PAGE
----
Once the weather begins to cool off, you may be wondering about how you’ll prepare your heating and cooling. After all, HVAC costs frequently add up to a significant portion of your monthly electric bill. To learn new ways to save, some owners take a closer look at their thermostat. Is there a setting they can use to boost efficiency?
The bulk of thermostats come with a ‘Fan’ or ‘Fan On’ setting. But if the fan is running during a typical cycle, what will the fan setting offer for the HVAC system? This guide will help. We’ll share what exactly the fan setting is and whether you can use it to reduce costs over the summer or winter.
What Is the Fan Setting on My Thermostat?
For most thermostats, the fan setting means that the air handler’s blower fan remains on. Some furnaces will run at a low level in this setting, but in most cases heating or cooling isn’t being produced. The ‘Auto’ setting, on the other hand, will start the fan over a heating or cooling cycle and switch it off after the cycle is finished.
There are pros and cons to using the fan setting on your thermostat, and what's ideal can depend on your personal comfort requirements.
Advantages to using the Fan/On setting:
- You can keep the temperature in every room more balanced by allowing the fan to keep generating airflow.
- Indoor air quality can increase as constant airflow will keep passing airborne pollutants into the air filter.
- A smaller amount of start-stop cycles for the system's fan helps expand its life span. As the air handler is usually a component of the furnace, this means you could prevent the need for furnace repair.
Disadvantages to switching to the Fan/On setting:
- A constant fan will likely raise your energy expenses by a small margin.
- Constant airflow can clog your air filter in a shorter amount of time, increasing the frequency you will want to replace it.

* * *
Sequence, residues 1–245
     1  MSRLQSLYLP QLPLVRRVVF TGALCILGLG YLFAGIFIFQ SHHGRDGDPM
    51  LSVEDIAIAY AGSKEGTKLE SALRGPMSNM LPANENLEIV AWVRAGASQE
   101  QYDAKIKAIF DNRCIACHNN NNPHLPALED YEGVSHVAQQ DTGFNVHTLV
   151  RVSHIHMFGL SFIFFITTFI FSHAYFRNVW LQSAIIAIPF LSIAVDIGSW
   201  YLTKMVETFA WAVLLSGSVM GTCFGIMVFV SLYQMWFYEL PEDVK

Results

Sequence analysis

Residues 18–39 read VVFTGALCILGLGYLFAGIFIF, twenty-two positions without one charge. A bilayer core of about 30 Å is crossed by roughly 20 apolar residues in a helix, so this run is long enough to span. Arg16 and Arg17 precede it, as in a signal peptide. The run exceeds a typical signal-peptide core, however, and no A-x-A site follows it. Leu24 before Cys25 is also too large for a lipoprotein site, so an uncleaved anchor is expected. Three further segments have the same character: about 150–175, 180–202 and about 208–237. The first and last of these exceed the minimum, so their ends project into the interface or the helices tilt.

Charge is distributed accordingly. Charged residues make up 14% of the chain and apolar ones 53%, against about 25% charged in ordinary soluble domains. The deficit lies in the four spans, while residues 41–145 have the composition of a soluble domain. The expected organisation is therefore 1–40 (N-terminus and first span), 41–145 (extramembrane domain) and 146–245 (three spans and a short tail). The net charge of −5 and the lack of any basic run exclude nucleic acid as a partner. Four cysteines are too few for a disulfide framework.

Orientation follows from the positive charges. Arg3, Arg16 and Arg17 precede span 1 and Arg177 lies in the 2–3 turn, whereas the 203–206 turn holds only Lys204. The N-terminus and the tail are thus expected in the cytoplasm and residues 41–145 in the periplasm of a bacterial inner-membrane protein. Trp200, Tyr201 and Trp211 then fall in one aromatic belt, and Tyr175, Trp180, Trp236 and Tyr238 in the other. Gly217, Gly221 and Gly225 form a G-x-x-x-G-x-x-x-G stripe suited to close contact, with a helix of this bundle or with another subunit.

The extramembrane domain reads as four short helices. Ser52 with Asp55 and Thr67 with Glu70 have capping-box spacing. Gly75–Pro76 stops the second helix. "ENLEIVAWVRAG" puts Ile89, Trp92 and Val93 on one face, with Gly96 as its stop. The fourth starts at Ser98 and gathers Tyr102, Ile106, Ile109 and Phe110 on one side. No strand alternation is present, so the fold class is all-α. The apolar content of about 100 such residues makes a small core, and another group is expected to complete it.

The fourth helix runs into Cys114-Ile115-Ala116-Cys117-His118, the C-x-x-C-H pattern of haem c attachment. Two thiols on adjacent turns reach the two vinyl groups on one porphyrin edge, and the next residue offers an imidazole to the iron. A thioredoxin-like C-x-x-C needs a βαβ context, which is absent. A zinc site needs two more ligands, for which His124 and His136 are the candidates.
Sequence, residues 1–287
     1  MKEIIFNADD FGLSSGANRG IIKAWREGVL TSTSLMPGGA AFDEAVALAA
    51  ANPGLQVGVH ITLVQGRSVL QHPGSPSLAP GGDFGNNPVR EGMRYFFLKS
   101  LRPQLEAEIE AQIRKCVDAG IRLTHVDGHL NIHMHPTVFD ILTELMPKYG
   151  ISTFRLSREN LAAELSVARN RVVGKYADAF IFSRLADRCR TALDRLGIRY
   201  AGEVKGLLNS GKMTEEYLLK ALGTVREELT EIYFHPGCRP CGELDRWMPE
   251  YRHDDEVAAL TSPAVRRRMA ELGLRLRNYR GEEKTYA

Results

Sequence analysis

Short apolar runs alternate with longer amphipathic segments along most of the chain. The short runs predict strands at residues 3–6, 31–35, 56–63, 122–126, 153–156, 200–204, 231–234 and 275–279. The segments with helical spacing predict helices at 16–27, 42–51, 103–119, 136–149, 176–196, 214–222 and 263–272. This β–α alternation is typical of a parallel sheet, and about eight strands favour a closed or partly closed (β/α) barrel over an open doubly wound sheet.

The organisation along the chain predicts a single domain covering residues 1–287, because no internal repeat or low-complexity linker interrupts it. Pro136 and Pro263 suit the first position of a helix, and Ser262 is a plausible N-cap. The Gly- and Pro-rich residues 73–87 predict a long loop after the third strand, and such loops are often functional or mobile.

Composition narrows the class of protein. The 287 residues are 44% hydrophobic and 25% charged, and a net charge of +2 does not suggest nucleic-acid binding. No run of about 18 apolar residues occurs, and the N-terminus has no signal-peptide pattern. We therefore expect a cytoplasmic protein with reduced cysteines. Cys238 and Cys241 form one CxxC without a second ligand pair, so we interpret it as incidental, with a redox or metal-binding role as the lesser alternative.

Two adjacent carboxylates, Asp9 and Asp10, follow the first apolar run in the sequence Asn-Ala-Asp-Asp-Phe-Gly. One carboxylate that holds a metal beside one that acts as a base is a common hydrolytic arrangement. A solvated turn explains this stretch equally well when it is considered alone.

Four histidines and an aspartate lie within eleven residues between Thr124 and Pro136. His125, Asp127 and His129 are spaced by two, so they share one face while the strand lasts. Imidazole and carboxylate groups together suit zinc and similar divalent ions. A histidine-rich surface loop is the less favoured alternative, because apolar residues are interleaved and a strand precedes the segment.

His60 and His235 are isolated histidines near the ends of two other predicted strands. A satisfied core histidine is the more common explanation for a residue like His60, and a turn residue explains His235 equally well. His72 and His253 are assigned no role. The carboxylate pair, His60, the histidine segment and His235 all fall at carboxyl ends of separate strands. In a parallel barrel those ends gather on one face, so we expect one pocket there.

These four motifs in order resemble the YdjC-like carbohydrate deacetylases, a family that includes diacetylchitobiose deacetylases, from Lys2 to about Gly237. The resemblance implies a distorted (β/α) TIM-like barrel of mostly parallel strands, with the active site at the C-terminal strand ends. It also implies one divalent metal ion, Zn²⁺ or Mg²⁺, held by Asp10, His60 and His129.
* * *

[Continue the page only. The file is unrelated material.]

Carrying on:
Should My Thermostat Be on Fan or Auto in Summer/Winter
During the summer, warm air can linger in unfinished spaces including the attic or an attached garage. If you leave the fan on, your HVAC system may gradually move this warm air into the rest of your home, forcing the HVAC system to work harder to preserve the desired temperature. In serious heat, this can result in needing AC repair more often as wear and tear grows.
The opposite can occur over the winter. Cooler spaces like a basement will hold onto cooler air, which can eventually make its way into the rest of your home. Leaving the fan setting on could draw more cold air upward, increasing the amount of heating you need to stay warm.
If you’re still trying to decide if you should switch to the fan/on setting, remember that every home and family’s comfort needs are not the same. Leaving the HVAC system’s fan on might be ideal for you if:
Someone in your household suffers from allergies. Allergies and other respiratory conditions can be tough on the family. Leaving the fan on can help to increase indoor air quality, helping your family breathe easier.
Your home deals with hot and cold spots. Many homes wrestle with difficult hot and cold spots that quickly shift to a temperature different from the rest of the house. The fan setting should help minimize these changes by steadily refreshing each room’s ventilation.